4. (a.) Write brief notes on Robert Burns and Lord Tennyson.
(b.) Make a quotation from each of the following :—
Scott. Longfellow.
Byron. Cowper.
5. (a.) Give the plot of any one of Shakespeare's plays.
(b.) Make two quotations from Shakespeare.
6. (a.) Identify the following characters :—
Roderick Dhu. Faithful.
FalstafF. Elaine.
Hudibras. Evangeline.
(b.) Who is the present Poet Laureate of England ? What are his duties ?
Drawing.
1. Define and give an example of—
(a.) Simple curve. (c.) Reversed curve.
(b.) Compound curve. (d.) Ellipse.
(e.) Oval.
2. State the use of half-tint and of shading, giving an example of each.
3. (a.) What is meant by conventionalized forms 1
(b.) What natural objects are most frequently conventionalized for ornament 1    Give
two illustrations ?
4. (a.) Distinguish between balance and symmetry.
(b.) Draw a simple illustration of each.
5. (a.) Make a working drawing of a small bench.
(b.) Draw two views of a right cone, with the apex pointing in different directions,
shaded, to express solidity. xcii.
Public Schools Report.
1898
Botany.
How are plants nourished before and after appearing above ground 1
Where does assimilation take place, and under what influence ?
Describe the parts af an embryo plant.
Define the following terms as applied to leaves :—Linear, ovate,  netted-veined,
pinnately-divided, whorled.
What are buds, and where are they formed ?
What is a fruit in Botany ?    Explain the structure of an apple, a strawberry, and
a cherry.
Name three of the earliest-flowering wild plants in your neighborhood 1
Describe in botanical Language any plant you have examined.
Discuss the function and formation of starch in vegetation.
Name the varieties of tissues found in plants.
The great series of flowering plants is divided into two classes.    Describe these
classes.
To what orders do the following plants belong :—Bean, dandelion, trillium, apple ?
Give a distinguishing feature of each order named.
7. Name five native  trees of this  Province, and  state whether  they are evergreen or
deciduous.
1.
(a.)
(b.)
2.
(a.)
(b.)
3.
(a.)
(b.)
4.
(a.)
(b.)
0.
(a.)
(b.)
6.
(a.)
(b.)
Geology.
1. (a.)
(b.)
2. (a.)
(b.)
3. (a.)
(b.)
4. (a.)
(b.)
5. (a.)
(b.)
6. (a.)
(b.)
How is the geologist guided in making his investigations?
By what means is the relative age of rocks determined?
Show the origin of veins, terraces, moraines, pumice.
Give   the important points  about the  following  minerals:—Granite,   limestone,
marble, pyrite.
Distinguish between slate and sandstone.
Tell how each was formed, and give proofs.
Locate the principal coal-fields of this Province, and state the peculiarity of our
coal-bearing areas.
Describe the Glacial Period.
Of what are the oldest rocks composed 1
Show that mountains are not as old as the crust of the earth.
State some of the simpler proofs of the earth's great antiquity.
Give in order a table of the ages and systems of the geological formation of the
earth. 02 Vict.
Public Schools Report.
xcm.
Zoology.
Describe the protozoa, stating the classes into which this branch is divided.
Give the general characteristics of the codenterata.
What common Actinozoa are found on our coast ?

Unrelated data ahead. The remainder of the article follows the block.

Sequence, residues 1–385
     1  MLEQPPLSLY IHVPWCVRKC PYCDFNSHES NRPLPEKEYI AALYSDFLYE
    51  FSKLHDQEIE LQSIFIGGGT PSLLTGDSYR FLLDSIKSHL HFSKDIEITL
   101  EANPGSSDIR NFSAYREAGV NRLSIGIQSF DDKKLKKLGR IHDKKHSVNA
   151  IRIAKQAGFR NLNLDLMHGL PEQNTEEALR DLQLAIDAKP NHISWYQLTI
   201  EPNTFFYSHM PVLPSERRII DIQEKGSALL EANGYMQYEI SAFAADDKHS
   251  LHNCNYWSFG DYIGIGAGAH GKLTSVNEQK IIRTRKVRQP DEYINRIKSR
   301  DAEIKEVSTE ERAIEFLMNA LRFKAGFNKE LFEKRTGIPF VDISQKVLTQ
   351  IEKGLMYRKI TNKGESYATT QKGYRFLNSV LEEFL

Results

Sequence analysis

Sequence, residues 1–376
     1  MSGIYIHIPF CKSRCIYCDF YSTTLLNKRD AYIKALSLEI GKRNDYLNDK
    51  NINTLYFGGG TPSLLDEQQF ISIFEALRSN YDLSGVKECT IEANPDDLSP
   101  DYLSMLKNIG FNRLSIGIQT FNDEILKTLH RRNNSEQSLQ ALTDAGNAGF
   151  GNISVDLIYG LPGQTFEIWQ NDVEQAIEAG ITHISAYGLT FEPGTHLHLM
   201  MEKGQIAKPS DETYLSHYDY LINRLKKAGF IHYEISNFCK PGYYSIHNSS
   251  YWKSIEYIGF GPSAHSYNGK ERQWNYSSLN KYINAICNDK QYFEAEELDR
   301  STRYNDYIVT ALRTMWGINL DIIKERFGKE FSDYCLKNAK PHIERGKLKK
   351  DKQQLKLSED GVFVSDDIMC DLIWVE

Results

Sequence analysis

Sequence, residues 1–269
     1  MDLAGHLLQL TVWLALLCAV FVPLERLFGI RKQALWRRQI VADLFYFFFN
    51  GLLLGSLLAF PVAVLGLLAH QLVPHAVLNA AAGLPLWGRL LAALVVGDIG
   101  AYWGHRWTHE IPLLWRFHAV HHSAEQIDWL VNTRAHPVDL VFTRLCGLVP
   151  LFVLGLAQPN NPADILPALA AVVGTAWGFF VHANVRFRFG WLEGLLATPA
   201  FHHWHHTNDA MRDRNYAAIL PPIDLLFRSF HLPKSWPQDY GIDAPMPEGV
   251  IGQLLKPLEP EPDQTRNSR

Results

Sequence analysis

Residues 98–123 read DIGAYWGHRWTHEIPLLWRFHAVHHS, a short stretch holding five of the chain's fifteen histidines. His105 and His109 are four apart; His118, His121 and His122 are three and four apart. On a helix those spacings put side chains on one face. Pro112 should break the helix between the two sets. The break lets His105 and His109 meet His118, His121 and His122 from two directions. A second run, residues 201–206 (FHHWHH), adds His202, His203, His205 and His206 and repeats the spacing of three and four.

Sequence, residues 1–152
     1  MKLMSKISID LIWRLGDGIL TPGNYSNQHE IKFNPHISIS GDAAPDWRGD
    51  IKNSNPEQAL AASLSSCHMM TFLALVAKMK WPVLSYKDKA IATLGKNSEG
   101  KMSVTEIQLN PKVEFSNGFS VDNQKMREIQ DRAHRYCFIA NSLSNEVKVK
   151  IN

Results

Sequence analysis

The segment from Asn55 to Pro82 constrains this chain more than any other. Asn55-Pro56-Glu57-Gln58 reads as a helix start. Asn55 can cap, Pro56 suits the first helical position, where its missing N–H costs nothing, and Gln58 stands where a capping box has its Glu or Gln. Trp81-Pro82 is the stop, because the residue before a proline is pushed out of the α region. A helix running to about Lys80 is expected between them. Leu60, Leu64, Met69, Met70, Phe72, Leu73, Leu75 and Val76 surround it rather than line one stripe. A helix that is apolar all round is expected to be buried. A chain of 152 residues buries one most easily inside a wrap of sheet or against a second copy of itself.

State the divisions of (he Mollusca, describing the nervous system.
Describe fully the metamorphosis of a grasshopper.
Name a batrachian that is useful to man, stating in what way.
Give the orders of the Reptilia.
Describe the Marsupialia, naming two found in North America.
State four valuable products of the wliale.
Define paleontology and entomology.
1.
(a.)
(b.)
2.
(a.)
(b.)
3.
(a.)
(b.)
4.
(a.)
(b.)
5.
(a.)
(b.)
Chemistry.
1. (a.) Explain the terms : element, atom, molecule, valence.
(b.) State three conditions that promote chemical change.    Give examples.
2. (a.) Describe the preparation of a gaseous compound of C, giving the reaction.    What
are its properties ?
(b.) Gunpowder consists of charcoal, sulphur,  and nitre.    How would you separate
these substances in a given sample of gunpowder 1
3. Describe the elements  that enter  into  the composition of common salt.     Give the
symbol and atomic weight of each.
4. (a.) How would you prove or disprove the presence of the following gases in the air:—
carbonic dioxide, oxygen, nitrogen, hydrogen ?
(b.) Show that O is, chemically, a very active element.
5. Write chemical notes on ozone, litmus, blacklead, amalgam, and water.
6. (a.) Explain " Carbon is a reducing agent."
(b.) Describe a common copper or silver ore.
7. (a.) For what economic purposes are HNO. and H2S04 used?
(b.) How many lbs. of Zn are necessary for 8 ozs. of H ? xciv.
Public Schools Report.
1898
Astronomy.
1. (a.) Define equinoctial and azimuth.
(b.) Name the po.es of the horizon.
2. (a.) What is meant by the precession of the equinoxes?
(b.) What causes twilight ?
3. (a.) Why is the ecliptic so called ?
(b.) Describe the Moon's phases.
4. (a.) Give a description of the planet Mars.
(b.) Is it inhabited ?    Give reasons for answer.
5. (a.) What are Comets ?
(b.) Why are they visible in only a very small part of their courses?
6. (a.) Describe the aurora borealis.
(6.) Show by a diagram the position of the North Polar Star (Polaris).
7. Is the south pole marked by any conspicuous star ?
Natural Philosophy.
What are the advantages of the metric system of weights and measures?
What is inertia?    Give three examples.
Explain and illustrate the " Composition of Forces."